Boris Johnson is ‘on probation’ and could still be removed from office if he fails to win back the trust of Tory MPs, a former minister has claimed.
Lord Ian Duncan, who held various ministerial posts under Theresa May and Boris Johnson after entering the House of Lords in 2017, said the Prime Minister ‘had a job to do’ after 148 of his MPs voted in favour. of his impeachment in a vote of confidence on Monday, admitting that the chances of the Prime Minister continuing for long were “slim”.
The Prime Minister won the vote, which was called after 54 MPs submitted letters of censure to the 1922 backbench committee following the publication of the Sue Gray report which details a number of Downing rallies Street during the pandemic, one of which resulted in a police fine for Mr Johnson, his wife and Chancellor Rishi Sunak.
“He has a task ahead of him at the moment, he is on probation,” Lord Duncan told BBC Scotland’s Sunday Show.
“If he fails that probation, the Conservative Party will do what it always does with leaders who don’t deliver – they’ll fire him.”
When asked if the Prime Minister was a ‘lame duck’ following Monday’s vote, the former MEP replied: ‘He is probably in troubled waters.
“If you can make people forget, almost, what’s happened over the past few months, then he has a slim chance of continuing, but I would have thought that would be very slim.”
The Conservative Party, Lord Duncan said, was “quite a mercenary” when it came to removing party leaders they felt were no longer up to the job.
“For the past 20 years, when a leader has failed to do what he was supposed to do, the Conservative Party doesn’t stab him in the back – it stabs him in the face,” he said. -he declares.
“If they don’t deliver, they get deleted.”
The Tory peer also defended Scottish leader Douglas Ross’s decision to back down again and vote to impeach the prime minister.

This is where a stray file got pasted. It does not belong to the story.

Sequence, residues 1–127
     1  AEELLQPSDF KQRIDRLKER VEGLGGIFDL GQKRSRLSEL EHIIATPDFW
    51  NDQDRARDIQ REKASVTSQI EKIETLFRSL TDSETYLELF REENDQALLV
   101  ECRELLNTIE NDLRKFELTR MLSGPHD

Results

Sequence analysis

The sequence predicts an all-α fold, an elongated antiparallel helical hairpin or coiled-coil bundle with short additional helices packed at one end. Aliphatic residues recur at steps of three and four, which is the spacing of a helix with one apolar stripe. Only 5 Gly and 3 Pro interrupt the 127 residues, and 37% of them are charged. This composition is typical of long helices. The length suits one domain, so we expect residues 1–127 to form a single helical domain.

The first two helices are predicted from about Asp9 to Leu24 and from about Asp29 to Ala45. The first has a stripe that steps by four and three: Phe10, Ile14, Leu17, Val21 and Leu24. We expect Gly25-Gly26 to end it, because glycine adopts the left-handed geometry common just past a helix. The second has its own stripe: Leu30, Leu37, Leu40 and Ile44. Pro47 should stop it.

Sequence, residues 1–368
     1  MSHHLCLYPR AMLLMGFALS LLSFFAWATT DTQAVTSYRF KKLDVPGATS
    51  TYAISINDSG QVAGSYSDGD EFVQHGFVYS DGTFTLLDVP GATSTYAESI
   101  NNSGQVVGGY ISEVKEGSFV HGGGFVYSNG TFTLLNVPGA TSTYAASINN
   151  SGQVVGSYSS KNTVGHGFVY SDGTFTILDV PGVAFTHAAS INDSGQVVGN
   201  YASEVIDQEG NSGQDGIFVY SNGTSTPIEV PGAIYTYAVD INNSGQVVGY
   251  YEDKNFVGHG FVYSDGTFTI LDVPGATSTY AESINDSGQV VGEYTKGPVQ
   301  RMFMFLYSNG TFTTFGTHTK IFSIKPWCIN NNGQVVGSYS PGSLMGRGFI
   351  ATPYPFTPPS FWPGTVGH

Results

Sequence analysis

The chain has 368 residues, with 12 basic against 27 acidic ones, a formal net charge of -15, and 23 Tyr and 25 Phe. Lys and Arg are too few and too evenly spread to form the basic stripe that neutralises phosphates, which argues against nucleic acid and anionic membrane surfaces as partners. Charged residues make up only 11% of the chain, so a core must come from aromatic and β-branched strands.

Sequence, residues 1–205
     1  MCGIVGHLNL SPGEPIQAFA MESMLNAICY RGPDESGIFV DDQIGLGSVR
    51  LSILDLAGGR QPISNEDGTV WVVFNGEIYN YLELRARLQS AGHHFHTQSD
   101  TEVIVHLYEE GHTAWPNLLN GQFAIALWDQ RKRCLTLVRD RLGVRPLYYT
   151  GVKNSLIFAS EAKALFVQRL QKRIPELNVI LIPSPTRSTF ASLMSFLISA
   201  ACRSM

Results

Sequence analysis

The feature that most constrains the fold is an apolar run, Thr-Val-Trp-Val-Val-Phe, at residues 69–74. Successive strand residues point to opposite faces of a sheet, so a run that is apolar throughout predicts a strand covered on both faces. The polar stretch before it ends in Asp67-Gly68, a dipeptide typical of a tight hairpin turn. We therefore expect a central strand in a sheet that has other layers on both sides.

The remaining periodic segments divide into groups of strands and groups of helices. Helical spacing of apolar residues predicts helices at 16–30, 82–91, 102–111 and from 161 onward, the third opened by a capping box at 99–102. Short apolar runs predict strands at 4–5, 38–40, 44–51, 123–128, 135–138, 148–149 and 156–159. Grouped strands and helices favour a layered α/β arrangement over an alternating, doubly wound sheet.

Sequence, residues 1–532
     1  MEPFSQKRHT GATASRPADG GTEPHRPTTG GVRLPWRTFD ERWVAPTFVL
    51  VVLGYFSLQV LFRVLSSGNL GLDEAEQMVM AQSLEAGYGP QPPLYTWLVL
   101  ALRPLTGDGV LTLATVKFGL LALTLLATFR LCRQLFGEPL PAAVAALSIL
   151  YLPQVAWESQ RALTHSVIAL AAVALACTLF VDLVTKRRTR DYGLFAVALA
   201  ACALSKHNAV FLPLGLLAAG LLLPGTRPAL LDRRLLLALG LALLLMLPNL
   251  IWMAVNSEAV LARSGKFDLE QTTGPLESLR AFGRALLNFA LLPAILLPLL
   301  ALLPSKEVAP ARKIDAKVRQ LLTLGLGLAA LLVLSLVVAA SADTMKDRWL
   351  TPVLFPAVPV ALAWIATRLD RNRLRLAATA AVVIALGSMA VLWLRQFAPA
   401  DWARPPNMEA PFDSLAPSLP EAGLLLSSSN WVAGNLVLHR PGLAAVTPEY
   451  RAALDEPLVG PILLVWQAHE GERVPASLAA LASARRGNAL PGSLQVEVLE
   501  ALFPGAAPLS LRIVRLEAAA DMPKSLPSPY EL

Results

Mr Ross, who initially backed Boris Johnson as Prime Minister, called for his resignation after reports of Downing Street parties surfaced, submitting a letter to the 1922 Committee.
But when Russia invaded Ukraine, Mr Ross rescinded his letter and backed the Prime Minister’s position, saying the need for stability at the top of government to deal with the war, before voting with all his Scottish MPs except two to impeach the Prime Minister. In Monday.
“The important thing is that Douglas Ross got it right when it mattered,” Lord Duncan said.
“When it mattered he voted for what he felt was right, he did so against the Prime Minister – the leader of a party he has been with for many years, which in itself is a good sign. “
Lord Duncan’s comments come as former Scottish Conservative communications manager Andy Maciver called on the Scottish embodiment to distance themselves from the UK party and create a separate group.
“A political party which has no connection with the Conservative party, formal or informal, and has no involvement in the Westminster elections,” he wrote in the Herald on Sunday.
“An unmistakably Scottish political party. A political party which, in time, could play a role in unsticking Scottish politics, normalizing us and, dare I say, Europeanising our political party structures.
“A new political party is not a ready meal. It must be prepared and then cooked, and it needs a good time to rest before it is ready to eat.
“However, since the alternative is to not eat at all, the choice should be pretty clear.”